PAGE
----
Archive for the ‘crowtheradventure’ Tag

Observations about Crowther’s original Adventure (1975)   5 comments

A long held-belief about Crowther’s Adventure was that it was designed as a “cave simulation” and it was Woods who came along added magic and treasures and turned it from interactive simulation into interactive fiction.

We know, from the hard work of Dennis Jerz locating the original source (before Don Woods started modifying it) that this is not the case: the original Adventure included puzzles, treasures, and fantasy. However, it never answered the question that seems to follow immediately: how does it play? (Past this point there are spoilers.)

(Click the image for a full PDF map.)

The map is much smaller than the Woods-modified game, although many of the iconic locations like the Hall of the Mountain King and J2 are there. However, one gets the strong sense this was an abandoned work in progress. The bottom level (with Bedquilt and the Swiss Cheese Room) has exits that don’t work, and one that crashes the game. The area even has a sign that says: ‘CAVE UNDER CONSTRUCTION BEYOND THIS POINT. PROCEED AT OWN RISK.’ I first took this sign as an signal of danger in the in-game universe, but instead it appears to be Crowther’s marker that the code is unfinished past that point.

There’s a long featureless hall to the west leading to nothing. Nearby is the twisty maze of passages, all alike, although it’s different here than in the Woods version:

There’s no items and no point in entering the maze (other than noting it is rather less twisty than the one Woods came up with!).

There are three puzzles (grate, bird, and snake) and five treasures (marked at the end with an exclamation point, like THERE ARE MANY COINS HERE!) but they are all distributed very near the Hall of the Mountain King, as if Crowther had just started scattering them. Besides that, there’s no score, and no special message or ending if all the treasures are brought back to the brick building.

Other items worth noting:

* Upon dying, there’s an option to continue playing:

YOU FELL INTO A PIT AND BROKE EVERY BONE IN YOUR BODY!

PAUSE GAME IS OVER statement executed
To resume execution, type go. Other input will terminate the job.
go
Execution resumes after PAUSE.

It works just like an UNDO command would.

* TAKE ALL doesn’t work (not surprising) but INVENTORY doesn’t either (!), so the player is forced to keep track of their inventory separate from the game.

* Going down the grate is a one-way trip. However, “PLUGH” works in the Y2 Room to get the player back to the brick building.

* XYZZY also seems to be in (it is described in the text and parsed) but I was never able to get it to work. (ADDED: It works just fine, see my followup post.)

* The axe-tossing dwarf is in, although there doesn’t seem to be anything the axe is usable for. More dwarves can come later to throw knives, but the only recourse seems to be ATTACK (verb only) and randomly kill one (while they randomly kill you back, although the undo feature mitigates that).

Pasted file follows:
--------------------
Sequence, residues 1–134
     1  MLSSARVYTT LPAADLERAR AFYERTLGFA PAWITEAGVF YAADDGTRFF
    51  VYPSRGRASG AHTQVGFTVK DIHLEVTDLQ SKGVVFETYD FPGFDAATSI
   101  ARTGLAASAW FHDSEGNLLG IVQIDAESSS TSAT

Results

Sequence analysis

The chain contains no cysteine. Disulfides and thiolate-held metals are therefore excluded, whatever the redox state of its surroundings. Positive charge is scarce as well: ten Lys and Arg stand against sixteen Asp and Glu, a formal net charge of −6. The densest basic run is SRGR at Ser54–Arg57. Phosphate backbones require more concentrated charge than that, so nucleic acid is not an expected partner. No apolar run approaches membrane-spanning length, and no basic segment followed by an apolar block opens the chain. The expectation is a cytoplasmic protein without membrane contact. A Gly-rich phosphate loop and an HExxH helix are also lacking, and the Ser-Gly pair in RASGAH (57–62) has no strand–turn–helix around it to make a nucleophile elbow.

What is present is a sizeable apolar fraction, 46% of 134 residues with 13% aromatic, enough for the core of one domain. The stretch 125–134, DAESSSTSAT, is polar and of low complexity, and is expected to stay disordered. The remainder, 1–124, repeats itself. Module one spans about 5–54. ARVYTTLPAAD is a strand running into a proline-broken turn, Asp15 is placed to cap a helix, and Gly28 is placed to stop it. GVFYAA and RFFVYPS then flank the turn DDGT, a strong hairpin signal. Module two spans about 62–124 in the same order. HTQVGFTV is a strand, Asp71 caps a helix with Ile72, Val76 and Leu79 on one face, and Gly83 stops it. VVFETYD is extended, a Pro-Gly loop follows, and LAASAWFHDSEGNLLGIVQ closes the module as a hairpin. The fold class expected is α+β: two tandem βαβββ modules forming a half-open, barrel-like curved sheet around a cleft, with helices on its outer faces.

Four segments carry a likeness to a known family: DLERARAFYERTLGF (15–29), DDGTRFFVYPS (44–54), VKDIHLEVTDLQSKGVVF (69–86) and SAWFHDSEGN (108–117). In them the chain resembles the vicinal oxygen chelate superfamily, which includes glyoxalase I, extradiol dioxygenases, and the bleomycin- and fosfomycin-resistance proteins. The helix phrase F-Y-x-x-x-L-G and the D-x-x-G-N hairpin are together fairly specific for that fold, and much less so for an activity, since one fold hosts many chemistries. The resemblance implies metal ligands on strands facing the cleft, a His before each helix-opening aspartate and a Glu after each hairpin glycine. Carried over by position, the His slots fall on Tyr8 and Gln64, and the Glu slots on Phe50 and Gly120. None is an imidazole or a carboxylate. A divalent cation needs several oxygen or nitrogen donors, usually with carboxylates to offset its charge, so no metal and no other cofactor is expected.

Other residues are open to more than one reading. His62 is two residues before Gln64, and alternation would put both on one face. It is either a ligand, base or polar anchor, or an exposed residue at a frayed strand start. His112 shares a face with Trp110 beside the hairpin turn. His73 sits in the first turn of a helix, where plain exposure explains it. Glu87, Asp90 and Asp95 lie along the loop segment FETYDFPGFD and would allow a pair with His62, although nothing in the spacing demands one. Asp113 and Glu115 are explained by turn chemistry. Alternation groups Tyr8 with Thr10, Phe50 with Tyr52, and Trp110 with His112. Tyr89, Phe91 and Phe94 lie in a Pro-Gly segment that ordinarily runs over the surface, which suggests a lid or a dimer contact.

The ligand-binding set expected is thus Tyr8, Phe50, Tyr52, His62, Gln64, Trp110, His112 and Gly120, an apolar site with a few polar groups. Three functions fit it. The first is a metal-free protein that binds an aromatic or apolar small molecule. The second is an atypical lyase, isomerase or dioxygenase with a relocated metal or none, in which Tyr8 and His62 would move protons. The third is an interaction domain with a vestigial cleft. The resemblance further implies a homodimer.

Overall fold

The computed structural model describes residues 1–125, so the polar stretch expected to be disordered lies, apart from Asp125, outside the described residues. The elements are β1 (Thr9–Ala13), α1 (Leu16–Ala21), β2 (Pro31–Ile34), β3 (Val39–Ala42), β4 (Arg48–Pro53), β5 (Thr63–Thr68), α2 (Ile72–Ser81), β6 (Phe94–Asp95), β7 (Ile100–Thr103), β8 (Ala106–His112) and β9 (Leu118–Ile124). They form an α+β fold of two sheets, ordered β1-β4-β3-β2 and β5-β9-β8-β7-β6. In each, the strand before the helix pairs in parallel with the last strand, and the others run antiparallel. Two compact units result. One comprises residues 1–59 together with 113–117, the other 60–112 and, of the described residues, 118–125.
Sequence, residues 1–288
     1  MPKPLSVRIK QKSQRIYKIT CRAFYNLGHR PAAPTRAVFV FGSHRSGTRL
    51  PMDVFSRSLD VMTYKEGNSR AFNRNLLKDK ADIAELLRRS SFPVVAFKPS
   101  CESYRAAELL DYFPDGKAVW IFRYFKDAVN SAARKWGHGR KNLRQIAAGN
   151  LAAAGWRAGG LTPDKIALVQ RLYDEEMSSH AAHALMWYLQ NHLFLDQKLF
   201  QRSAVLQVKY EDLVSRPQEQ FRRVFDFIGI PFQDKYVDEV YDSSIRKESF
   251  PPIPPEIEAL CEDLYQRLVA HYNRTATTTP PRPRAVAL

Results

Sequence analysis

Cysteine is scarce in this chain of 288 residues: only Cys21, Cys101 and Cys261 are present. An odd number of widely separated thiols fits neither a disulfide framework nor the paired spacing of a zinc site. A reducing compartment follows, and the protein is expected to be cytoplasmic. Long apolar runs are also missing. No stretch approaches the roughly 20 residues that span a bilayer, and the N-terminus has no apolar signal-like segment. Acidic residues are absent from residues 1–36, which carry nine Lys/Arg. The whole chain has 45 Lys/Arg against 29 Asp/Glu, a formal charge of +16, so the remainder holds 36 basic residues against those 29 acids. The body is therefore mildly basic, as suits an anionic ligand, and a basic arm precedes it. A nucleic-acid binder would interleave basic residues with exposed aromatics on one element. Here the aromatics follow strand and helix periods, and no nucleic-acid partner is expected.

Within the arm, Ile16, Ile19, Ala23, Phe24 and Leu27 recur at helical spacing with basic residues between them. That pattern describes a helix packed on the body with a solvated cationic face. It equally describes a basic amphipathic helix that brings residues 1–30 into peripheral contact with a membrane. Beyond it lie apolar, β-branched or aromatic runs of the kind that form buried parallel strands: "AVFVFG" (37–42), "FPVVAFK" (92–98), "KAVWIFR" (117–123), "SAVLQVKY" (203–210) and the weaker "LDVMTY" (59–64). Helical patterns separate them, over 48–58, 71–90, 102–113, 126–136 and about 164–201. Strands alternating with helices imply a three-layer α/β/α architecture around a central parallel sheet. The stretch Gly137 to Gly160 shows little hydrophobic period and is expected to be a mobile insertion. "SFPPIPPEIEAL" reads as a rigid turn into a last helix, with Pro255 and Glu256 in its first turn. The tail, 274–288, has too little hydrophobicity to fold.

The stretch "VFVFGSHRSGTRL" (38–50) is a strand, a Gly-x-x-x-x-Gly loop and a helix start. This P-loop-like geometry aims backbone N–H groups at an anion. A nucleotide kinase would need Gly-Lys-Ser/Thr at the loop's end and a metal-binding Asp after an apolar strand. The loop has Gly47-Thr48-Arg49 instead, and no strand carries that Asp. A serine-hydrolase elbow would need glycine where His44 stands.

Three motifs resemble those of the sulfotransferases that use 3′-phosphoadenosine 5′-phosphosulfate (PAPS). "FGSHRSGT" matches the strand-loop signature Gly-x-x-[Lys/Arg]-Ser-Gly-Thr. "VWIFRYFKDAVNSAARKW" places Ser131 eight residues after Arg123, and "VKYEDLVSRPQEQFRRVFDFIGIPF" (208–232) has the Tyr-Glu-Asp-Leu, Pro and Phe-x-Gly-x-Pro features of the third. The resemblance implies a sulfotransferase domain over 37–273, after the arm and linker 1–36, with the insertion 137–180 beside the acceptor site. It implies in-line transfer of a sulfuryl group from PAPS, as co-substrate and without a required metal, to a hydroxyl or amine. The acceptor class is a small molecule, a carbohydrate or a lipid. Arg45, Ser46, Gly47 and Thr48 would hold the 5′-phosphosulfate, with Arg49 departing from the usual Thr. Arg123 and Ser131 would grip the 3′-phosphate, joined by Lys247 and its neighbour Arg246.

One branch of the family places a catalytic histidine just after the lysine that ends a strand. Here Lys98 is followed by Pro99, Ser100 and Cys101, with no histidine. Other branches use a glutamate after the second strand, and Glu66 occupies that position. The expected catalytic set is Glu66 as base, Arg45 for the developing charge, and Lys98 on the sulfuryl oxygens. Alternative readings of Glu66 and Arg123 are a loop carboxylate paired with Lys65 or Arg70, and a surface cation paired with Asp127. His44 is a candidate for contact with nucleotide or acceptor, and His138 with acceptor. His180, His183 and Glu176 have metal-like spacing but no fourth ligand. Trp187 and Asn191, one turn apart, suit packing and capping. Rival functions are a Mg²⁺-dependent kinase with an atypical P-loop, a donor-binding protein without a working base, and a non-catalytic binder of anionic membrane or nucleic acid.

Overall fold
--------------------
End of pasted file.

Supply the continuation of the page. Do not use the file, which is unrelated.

* Typing out NORTH and WEST and other directions in full will eventually yield the message:

IF YOU PREFER, SIMPLY TYPE W RATHER THAN WEST.

* Swearing is recognized.

* There’s a dynamic hint for the bird puzzle in the source code, where the game ought to print:

ARE YOU TRYING TO CATCH THE BIRD?

whereupon you should be able to type YES and get a hint. However I wasn’t able to get it to trigger, it could be the code is buggy here.

* The source also mentions the crystal bridge, but again, I haven’t been able to get this to trigger and suspect it might be buggy. (ADDED: I was able to get it to work, see my followup post.)

Posted March 7, 2011 by Jason Dyer in Interactive Fiction

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Extra comments about Crowther’s original Adventure   6 comments

* The LAMP in the game can be referred to as a HEADLAMP. In other words, the proper visualization is not this

but this:

* WEAR is understood as picking something up.

* The game is in a “semibrief” mode of sorts where a full room description is displayed upon first entering a room and then once every five turns (in case someone flails around trying wrong directions, I suppose?).

* XYZZY works after all. Mea culpa.

* The solution to the bird puzzle is spoiled in the HELP response, again seriously suggesting the work-in-progress nature of the game (since it is only one puzzle out of three).

* The bottle of water lets you pour it on the ground.

* There are two ways to get “stuck”: 1.) you can use XYZZY to teleport without the lamp, and then can’t go anywhere without breaking your neck in a pit or 2.) you can kill the bird, blocking the ability to solve a later puzzle.

* The response to GET MIST:

MIST IS A WHITE VAPOR, USUALLY WATER, SEEN FROM TIME TO TIME IN CAVERNS. IT CAN BE FOUND ANYWHERE BUT IS FREQUENTLY A SIGN OF A DEEP PIT LEADING DOWN TO WATER.

* Also of note:

blast
BLASTING REQUIRES DYNAMITE.

* After more toying I’ve gotten the crystal bridge to appear; it requires the same object but a different verb than the 350-point version.

* Unlocking the grate and getting by the snake also have dynamic hint messages associated with them, but I haven’t been able to get them appear (but given my experience with the crystal bridge, they may still be accessible somehow). I suspect it possible Crowther planned for every puzzle to have a corresponding dynamic hint.

Posted March 8, 2011 by Jason Dyer in Interactive Fiction

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A History of Early Versions of Adventure   14 comments